Runnymede graphic: Where We Are Now: Race & Racism in England

The Civil Society report on the state of race and racism in England should serve as an urgent wake up call to policy makers. The prevalence of racism and discrimination against Black and Minority Ethnic (BME) people across all aspects of society demonstrates that the issue is systemic and structural change must be led by policy makers at all levels of governance.

The report has been curated by the Runnymede Trust and contributed to by a broad coalition of organisations. The experiences and findings in the report have been submitted as evidence on the EHRC's procedural request to conduct an independent civil society review on the state’s progress on race and racism in England over the past four years.

The report finds that systemic racism impacts people’s housing quality, education, employment and political participation. Inequalities in these socio-economic factors leads to inequalities in long-term health outcomes and can drastically reduce a person’s healthy life expectancy.

‘Where We Are Now: Race and Racism in England’, published on 14 July reports that between 2017-2019 three per cent of English households had damp in more than one room. For Bangladeshi households that figure rose to 10 per cent and 13 per cent for mixed white and Black Caribbean households.

Living in low quality housing with issues such as damp leads to immediate and long-term physical health conditions. Our funded partner, the Local Conversation in Lozells, Birmingham told us:

“One of the big issues is poor quality housing. We have many children who have asthma problems, breathing, respiratory problems. When we talk to parents, it turns out that they are living in damp conditions, they’re paying rent to a landlord, and the issues aren’t being dealt with appropriately.”

Housing issues also contribute to mental health problems and more complex overall health outcomes due to a lack of control people face over their living conditions.

Another finding highlighted the inequalities within education. By the end of secondary school, Gypsy, Roma and Traveller pupils are almost three years behind, and Black Caribbean students are 11 months behind their white counterparts.

Inequalities in education have an impact not just on people’s life choices and ability to progress in their career but it directly impacts people’s life expectancy. By the age of 30 those with the highest levels of education are expected to live four years longer than those with the lowest levels of education.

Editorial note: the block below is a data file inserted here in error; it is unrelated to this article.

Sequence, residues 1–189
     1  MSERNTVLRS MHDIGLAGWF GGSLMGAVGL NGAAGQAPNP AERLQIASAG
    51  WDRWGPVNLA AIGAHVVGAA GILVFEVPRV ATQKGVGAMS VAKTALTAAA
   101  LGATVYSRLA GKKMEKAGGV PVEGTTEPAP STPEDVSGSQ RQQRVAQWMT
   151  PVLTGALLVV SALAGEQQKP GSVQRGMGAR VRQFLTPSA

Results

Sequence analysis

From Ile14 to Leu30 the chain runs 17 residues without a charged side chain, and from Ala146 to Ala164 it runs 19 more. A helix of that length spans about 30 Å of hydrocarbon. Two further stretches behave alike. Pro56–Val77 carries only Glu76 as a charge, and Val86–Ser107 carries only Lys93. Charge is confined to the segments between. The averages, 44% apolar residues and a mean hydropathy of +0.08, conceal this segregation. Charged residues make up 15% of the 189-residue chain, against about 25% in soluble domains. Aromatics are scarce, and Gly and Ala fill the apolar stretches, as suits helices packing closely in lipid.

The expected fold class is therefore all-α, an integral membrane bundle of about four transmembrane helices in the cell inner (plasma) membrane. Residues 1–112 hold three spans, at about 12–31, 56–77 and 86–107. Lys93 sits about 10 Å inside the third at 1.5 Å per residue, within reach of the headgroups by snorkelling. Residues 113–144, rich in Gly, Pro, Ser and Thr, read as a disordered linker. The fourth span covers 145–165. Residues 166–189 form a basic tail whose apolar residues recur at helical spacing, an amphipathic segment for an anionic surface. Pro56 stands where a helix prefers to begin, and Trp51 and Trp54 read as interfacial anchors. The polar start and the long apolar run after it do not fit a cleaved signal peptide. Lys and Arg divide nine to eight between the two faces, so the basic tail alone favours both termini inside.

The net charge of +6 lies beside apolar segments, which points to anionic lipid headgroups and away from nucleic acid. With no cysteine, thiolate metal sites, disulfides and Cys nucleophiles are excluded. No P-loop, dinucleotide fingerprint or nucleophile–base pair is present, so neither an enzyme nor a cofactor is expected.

Whilst we know that Gypsy, Roma and Traveller communities face some of the biggest inequalities in society, recently introduced legislation has done nothing to address the discrimination and actually risks increasing inequalities. The Police, Crime, Sentencing and Courts Bill was introduced despite objections from Gypsy, Roma and Traveller communities.

Our Active Communities funded partner Gypsy And Traveller Empowerment For Hertfordshire (GATE Herts) conducted a survey about the ramifications of the new Bill. In the survey by GATE Herts, 94.74% of respondents reported witnessing more hate crime/speech since the introduction of the proposals in the PCSC Bill.

The discrimination faced in day to day life cannot be separated from the discrimination faced in public institutions such as schools, prisons and health care services. The Civil Society report found that hate crimes towards East & South East Asian communities tripled in the first quarter of 2020 and doubled in the second quarter, as compared to previous years.

We know that hate crime and racism aimed at individuals is on the rise. Our Active Communities funded partner Race Equality First reported that hate crime had increased during the COVID-19 pandemic. And we know that the COVID-19 mortality rate was higher for almost all minoritised ethnic groups. The rate of death involving COVID-19 was highest for the Black African group, 3.7 times greater than for the White British group for males, and 2.6 greater for females.

Regarding the impacts of the pandemic, Sy Joshua, Advice Service Manager with Race Equality First, said:

“We knew going into the pandemic that people from Black and Minority Ethnic communities were going to be disproportionately impacted and we were sadly proved right. From the outset we needed more support for different cultures through better health messaging and access to services.

As COVID restrictions ease, we expect it to reveal a deep scar on ethnic minority communities. We have been raising awareness of the deep rooted inequalities that exist in Wales for over 40 years and we hope that this will be a wake up call to governments and policy makers.

Now more than ever communities need to be empowered and given the resources to tackle discrimination and systemic inequalities.”

The Commission on Race and Ethnic Disparities report published in March 2021 found that ‘institutional racism doesn’t exist’. The report was criticised by race equality and human rights organisations as well as individuals with lived experience of racism.

It is clear from the findings in the Civil Society report on the state of race and racism in England, the disproportionate impacts of the COVID-19 pandemic and, the lived experience of the communities we fund that this issue is systemic.

Policy makers have recently turned their attention to levelling up and tackling the inequalities exacerbated during COVID-19. To do this they must acknowledge and accept the evidence that continues to expose racism as a systemic issue in England and beyond and, they must tackle it as a human rights, equality and health priority.